What is a review?
A review is an application to the Licensing Authority to consider whether a particular premise are managed and operated in accordance with their licence and the terms of the Licensing Act 2003, and to consider taking appropriate action.
A review should not be the first stage in taking action to deal with concerns about licensed premises. Anyone with concerns about such premises should consider whether these could be dealt with by other means, for example:
Asking the licence holder or club secretary to take steps to rectify the situation
Asking the relevant responsible authority whether there is other legislation which could be used to solve the problem. For instance, the Environmental Health Officer may be able to help deal with noise nuisance or the Police may be able to help in cases of crime and disorder at licensed premises.
Who can make an application for review?
Under the Licensing Act 2003 a responsible authority or any other person (this includes an individual, body or business) can make an application for review of a premises licence or review of a club premises certificate.
Who are the responsible authorities?
- The responsible authorities are:
- The Licensing Authority
- North Yorkshire Police
- North Yorkshire Fire and Rescue
- Environmental Health Services
- North Yorkshire Trading Standards Service
- Planning Authority
- Director of Public Health
- Social Services – Children and Young People Services
- Home Office (Immigration Enforcement)
- Health and Safety
Full contact details can be downloaded here.
What can an application for review be made about?
Only review applications that relate to at least one of the four licensing objectives can be considered. The licensing objectives are:
- The prevention of crime and disorder
- Public safety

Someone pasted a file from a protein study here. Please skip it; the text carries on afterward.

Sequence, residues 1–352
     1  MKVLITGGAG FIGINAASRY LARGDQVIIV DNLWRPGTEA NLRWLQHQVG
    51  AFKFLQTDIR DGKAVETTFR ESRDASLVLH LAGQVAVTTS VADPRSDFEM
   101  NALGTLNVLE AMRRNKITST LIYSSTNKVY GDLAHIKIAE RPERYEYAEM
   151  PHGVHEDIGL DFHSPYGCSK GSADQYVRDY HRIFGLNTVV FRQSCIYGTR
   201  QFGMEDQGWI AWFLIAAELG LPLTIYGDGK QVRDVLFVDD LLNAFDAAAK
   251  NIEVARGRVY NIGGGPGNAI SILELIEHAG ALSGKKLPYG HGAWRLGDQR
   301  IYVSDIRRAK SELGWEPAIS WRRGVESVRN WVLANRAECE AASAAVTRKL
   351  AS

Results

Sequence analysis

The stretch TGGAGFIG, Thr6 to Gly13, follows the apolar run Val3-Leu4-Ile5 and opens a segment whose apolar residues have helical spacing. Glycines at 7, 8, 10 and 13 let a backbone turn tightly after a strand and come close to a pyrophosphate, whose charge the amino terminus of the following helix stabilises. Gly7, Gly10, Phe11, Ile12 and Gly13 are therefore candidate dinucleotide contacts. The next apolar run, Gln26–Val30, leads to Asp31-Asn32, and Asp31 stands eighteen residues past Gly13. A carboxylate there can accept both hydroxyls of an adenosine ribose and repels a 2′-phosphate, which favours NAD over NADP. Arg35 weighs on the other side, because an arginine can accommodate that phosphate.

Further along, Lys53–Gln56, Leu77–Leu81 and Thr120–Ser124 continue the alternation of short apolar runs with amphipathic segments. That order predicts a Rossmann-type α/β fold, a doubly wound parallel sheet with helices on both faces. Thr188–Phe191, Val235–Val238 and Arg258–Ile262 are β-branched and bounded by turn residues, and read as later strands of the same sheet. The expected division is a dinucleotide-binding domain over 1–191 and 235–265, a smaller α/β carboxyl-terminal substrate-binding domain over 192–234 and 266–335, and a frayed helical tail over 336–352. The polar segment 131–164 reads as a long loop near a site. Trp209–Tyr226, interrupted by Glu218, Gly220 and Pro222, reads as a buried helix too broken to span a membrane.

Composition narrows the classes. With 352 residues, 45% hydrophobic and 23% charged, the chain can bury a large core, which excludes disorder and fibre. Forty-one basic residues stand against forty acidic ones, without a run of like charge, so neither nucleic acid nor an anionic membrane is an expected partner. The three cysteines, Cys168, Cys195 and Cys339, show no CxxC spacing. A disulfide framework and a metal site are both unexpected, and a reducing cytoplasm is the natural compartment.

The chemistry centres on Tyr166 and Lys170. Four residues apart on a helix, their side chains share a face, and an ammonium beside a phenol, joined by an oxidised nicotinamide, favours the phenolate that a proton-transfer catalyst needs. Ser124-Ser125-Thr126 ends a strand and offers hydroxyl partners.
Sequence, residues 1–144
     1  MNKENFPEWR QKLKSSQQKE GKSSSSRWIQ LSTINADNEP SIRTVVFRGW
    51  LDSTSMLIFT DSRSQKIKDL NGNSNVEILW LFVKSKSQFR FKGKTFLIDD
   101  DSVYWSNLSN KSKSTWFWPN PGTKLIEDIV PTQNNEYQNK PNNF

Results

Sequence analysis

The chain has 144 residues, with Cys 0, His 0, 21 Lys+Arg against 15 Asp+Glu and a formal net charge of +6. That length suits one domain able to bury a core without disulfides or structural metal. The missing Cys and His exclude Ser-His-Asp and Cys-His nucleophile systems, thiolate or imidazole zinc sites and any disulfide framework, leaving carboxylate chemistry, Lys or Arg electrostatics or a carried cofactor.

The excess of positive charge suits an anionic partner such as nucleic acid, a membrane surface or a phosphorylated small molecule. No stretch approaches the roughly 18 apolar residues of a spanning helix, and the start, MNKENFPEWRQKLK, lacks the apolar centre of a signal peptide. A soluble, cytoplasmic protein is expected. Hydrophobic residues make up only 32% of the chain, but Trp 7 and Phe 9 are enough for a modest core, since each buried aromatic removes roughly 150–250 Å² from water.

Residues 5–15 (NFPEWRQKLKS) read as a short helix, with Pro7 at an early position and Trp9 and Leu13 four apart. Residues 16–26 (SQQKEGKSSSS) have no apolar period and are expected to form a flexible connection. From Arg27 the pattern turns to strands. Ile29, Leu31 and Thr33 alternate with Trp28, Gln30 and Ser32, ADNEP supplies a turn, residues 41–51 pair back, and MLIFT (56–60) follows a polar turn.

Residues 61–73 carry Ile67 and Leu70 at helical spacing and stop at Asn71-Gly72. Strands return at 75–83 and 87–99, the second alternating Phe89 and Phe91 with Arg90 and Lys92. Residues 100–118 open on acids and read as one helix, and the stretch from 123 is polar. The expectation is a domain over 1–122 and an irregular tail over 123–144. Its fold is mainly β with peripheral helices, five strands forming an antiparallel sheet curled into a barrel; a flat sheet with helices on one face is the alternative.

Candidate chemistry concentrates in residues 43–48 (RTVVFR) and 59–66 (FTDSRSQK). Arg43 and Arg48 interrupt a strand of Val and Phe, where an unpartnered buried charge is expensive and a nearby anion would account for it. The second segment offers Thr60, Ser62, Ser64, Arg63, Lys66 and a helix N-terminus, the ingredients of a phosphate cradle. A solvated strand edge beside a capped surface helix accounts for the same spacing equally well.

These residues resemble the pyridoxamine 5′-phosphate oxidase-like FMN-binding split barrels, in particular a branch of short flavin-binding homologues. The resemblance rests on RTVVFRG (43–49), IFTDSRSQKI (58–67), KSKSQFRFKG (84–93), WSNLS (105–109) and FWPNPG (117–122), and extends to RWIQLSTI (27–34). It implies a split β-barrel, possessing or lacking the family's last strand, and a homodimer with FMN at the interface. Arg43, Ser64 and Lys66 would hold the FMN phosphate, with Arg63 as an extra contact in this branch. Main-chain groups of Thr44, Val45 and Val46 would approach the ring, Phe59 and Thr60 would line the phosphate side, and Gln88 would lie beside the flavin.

- The prevention of public nuisance
- The protection of children from harm
Review applications must clearly relate to the premises for which the review application is being made. For example, representations on the basis of general noise and disturbance, without evidence of a causal link to specific premises, are unlikely to be persuasive.
What does the applicant for review need to do?
It is the responsibility of the applicant for review to complete the prescribed form in full, and to serve the original on the licensing authority, send copies to each of the responsible authorities and to the holder of the premises licence or club secretary.
Failure to fully complete the form and serve the copies on each responsible authority and the premises licence holder as required will render the application void.
Will every review application be considered?
If the review application is valid in every other respect, the licensing authority is obliged to consider whether the review is frivolous, vexatious or repetitious.
Frivolous: As a general rule, frivolous representations are likely to lack seriousness. This does not mean that a trivial complaint would always be considered frivolous, but it must be serious and be of some substance; it must also relate to one or more of the licensing objectives.
Vexatious: Vexatious representations may, for example, arise because of disputes between rival businesses.
Repetitious: A review application will be repetitious if it is identical or substantially similar to a ground of a previous review or representation on an application for the same premises, and a reasonable interval has not elapsed since the previous consideration by the Council.
Statutory guidance suggests that 12 months may be a "reasonable interval" in most circumstances.
If a review application is declared frivolous, vexatious or repetitious, the application will be rejected and the applicant will be notified of the reasons for the decision. The legislation does not provide any right of appeal against such a decision, other than by way of application for judicial review to the High Court
What happens if the review application is valid?
The licensing authority will arrange for the display of a notice of the application for review on or adjacent to the premises, and on the Licensing Website for a period of 28 days during which any responsible authority or other person may make a representation about the application.
The Licensing Authority will accept petitions, but there are some important factors to consider before organizing a petition:
- We ask that the instigator of the petition identifies themselves as a central point of contact.
- We may need to make contact in order to verify certain matters and if we are unable to do this it could invalidate the petition.